One of the new faces at Lewis Central Community Schools this year is Superintendent Eric Knost.

He replaced Mark Schweer, who retired in June after 16 years with the district.

Knost came to the district from St. Louis, where he was superintendent of Rockwood School District, Missouri’s third-largest district with enrollment of about 21,000 students. In fact, he grew up, attended college and worked in the St. Louis area.

“This is the first time I’ve lived away from where I’m from,” he said.

Knost attended a small school in St. Louis County. There were about 100 students in his class. He earned a bachelor’s degree in instrumental music at Webster University in 1983 and a master’s in educational leadership from Lindenwood University in 1997. He completed a doctorate in education administration from St. Louis University in 2002.

Knost started his education career as a band director.

“I really admired my band director,” he said. “He was very inspiring. I just wanted to be the best musician I could be. I had very supportive parents who were always encouraging me.”

Knost learned some piano and guitar growing up, but percussion became his main musical interest. He continues to gig as a drummer, mostly in the St. Louis area.

It was never Knost’s plan to become a school administrator, he said. He was pretty happy being a band director.

“I had pretty good success with being a band director,” he said. “I never thought about being an administrator — and definitely not a superintendent,” he said.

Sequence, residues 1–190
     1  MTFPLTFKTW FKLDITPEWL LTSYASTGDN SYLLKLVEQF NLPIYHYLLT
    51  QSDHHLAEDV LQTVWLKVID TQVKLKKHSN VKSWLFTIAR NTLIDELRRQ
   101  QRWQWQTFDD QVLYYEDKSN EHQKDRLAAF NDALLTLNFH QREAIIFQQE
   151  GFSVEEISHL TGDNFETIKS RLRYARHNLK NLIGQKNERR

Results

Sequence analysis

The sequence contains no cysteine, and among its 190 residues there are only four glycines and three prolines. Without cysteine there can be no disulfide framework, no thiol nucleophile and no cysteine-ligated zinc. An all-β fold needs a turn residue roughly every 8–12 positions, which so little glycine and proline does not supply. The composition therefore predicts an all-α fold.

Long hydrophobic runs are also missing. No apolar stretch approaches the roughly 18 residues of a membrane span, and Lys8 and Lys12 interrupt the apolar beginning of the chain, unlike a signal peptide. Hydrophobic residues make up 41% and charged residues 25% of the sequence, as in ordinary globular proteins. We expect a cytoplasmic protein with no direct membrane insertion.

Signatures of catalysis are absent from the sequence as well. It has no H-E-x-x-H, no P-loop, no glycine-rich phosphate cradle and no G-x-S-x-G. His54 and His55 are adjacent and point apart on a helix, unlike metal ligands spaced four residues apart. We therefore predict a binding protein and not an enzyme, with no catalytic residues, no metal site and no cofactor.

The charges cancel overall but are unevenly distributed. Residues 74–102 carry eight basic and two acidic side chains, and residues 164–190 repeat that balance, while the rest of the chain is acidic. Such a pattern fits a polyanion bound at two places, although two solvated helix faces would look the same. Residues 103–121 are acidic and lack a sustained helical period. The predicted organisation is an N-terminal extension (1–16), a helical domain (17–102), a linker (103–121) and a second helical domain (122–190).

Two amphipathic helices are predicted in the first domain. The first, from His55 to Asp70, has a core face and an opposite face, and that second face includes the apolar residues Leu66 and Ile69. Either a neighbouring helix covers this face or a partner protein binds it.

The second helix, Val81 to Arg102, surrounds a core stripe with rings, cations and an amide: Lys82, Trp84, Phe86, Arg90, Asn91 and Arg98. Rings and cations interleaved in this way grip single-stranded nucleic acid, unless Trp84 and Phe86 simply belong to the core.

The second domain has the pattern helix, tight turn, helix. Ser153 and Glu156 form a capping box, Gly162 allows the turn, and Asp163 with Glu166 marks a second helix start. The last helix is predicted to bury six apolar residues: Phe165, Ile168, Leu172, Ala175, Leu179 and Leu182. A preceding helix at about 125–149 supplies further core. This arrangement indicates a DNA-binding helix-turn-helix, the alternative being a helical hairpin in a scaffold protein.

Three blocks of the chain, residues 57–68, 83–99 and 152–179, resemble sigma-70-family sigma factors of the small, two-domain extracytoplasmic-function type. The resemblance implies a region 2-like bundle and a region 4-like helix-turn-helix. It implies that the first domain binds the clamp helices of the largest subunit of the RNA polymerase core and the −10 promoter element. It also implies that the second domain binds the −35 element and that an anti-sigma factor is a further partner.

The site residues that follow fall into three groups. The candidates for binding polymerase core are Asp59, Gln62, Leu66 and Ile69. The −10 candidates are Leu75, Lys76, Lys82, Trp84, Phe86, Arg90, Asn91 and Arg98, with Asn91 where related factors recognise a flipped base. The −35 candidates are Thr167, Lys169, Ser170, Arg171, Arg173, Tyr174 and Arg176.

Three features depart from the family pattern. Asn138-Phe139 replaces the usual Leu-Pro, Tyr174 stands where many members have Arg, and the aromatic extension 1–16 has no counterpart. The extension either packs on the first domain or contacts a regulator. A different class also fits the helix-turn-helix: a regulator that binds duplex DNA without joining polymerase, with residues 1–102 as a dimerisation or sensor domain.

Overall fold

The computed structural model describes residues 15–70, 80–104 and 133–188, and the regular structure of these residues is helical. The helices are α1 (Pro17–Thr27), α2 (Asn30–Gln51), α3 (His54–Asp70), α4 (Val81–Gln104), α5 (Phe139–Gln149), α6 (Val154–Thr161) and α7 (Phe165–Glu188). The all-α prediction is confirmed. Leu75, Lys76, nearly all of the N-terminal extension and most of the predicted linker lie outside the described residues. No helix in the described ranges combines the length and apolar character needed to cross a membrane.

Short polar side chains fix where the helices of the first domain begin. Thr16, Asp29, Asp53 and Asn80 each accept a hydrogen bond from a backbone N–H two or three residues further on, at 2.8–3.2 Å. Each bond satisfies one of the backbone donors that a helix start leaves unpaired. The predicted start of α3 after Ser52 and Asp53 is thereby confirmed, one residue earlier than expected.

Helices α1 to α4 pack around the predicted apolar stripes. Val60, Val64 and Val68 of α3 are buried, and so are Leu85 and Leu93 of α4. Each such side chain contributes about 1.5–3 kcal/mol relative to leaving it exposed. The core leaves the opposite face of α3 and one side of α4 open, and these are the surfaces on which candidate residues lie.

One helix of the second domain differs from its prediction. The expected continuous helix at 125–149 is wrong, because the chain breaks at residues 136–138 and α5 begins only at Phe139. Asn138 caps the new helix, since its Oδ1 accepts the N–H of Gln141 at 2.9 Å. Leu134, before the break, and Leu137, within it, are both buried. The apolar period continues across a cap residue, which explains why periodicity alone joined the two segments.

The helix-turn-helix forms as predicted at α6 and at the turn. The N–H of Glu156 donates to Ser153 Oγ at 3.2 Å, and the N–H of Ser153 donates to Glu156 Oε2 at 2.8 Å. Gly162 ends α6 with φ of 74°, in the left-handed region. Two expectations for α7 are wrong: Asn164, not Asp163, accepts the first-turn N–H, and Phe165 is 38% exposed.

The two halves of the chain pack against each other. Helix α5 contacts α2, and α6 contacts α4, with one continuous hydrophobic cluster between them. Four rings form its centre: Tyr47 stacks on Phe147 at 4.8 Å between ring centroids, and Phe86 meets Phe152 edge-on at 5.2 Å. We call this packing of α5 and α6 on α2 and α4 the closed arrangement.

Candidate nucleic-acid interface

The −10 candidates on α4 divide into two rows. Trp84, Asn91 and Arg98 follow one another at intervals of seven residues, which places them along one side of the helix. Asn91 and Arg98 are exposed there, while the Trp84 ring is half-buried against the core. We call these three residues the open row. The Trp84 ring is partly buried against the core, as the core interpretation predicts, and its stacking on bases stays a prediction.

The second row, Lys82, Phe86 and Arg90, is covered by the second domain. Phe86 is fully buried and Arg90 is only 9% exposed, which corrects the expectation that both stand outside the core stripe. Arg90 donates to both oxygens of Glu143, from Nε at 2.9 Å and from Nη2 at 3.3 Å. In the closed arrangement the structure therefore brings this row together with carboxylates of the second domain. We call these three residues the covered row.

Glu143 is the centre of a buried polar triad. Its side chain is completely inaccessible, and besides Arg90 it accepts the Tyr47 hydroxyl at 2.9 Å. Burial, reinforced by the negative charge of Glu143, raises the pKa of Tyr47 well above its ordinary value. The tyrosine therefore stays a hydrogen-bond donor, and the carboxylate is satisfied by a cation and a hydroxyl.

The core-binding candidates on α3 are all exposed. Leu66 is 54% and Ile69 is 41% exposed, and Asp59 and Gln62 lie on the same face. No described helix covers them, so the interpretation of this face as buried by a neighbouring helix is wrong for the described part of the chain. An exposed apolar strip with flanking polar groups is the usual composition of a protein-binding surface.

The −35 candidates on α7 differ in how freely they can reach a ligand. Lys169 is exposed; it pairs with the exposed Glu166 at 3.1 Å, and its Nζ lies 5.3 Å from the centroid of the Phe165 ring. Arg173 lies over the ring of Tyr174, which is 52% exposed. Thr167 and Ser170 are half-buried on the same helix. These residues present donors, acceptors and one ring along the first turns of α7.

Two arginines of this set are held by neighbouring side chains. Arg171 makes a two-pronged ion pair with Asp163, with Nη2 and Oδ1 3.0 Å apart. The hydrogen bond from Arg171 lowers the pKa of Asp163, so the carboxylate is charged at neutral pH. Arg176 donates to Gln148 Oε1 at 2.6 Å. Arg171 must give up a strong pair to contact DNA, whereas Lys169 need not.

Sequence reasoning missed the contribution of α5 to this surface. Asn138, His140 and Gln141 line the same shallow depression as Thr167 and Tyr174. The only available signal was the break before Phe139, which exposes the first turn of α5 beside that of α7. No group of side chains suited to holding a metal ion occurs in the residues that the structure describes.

However, Knost had a couple mentors who encouraged him to consider pursuing a career as an administrator. He was reluctant and passed up a couple opportunities to apply for administrative intern positions. When they asked why, he said, “I still love teaching.”

He struggled with the question of whether he should try to become an administrator. When he talked to his brother about it, his sibling said, “If you still love teaching, maybe that’s a reason why you should (become an administrator).”

That gave Knost a different perspective. He knew that people who don’t like teaching aren’t always good administrators. Finally, he accepted an opportunity to become an administrative intern, but he thought of himself as possibly becoming an assistant principal. More opportunities surfaced, and his career as an administrator progressed.

Meanwhile, Knost served as an advocate for education, communicating with legislators about school-related concerns.

“I was very involved at the state level,” he said.

Friends encouraged Knost to apply for the state director of education position. He did, and was one of four finalists but was not offered the job.”

“When I didn’t get it, I didn’t know what was next,” he said.

Knost and his wife looked at the map and considered cities within four to six hours of St. Louis – or farther.

“The more I learned about Iowa, the more I liked it,” he said.

Search firm Grundmeyer Leader Search encouraged Knost to try Lewis Central, saying it would be a good fit.

“I just really fell in love with the whole region,” he said. “It just felt like home. Lewis Central just felt like a really good district that I could bring my leadership skills to and build on things. I already feel comfortable. I’m working with great people, the community has been so welcoming …

“Rockwood Schools was so big. I had 33 school buildings, and I was so busy we really didn’t have any quality time except on weekends.”

So Knost retired from the state of Missouri and started a new adventure at Lewis Central.

“At 31 years in education, I love what I do,” he said. “I’ve still got a lot of passion.”

Knost’s goal is to “build excellence together through relationships,” he said.

“I plan to be in schools, in classrooms,” he said. “I want every kid to know who the superintendent is, I want every staff member to know me.”

Knost’s wife, Julie, is also an educator. Their two daughters are both in college majoring in music education, and the older one is student-teaching.

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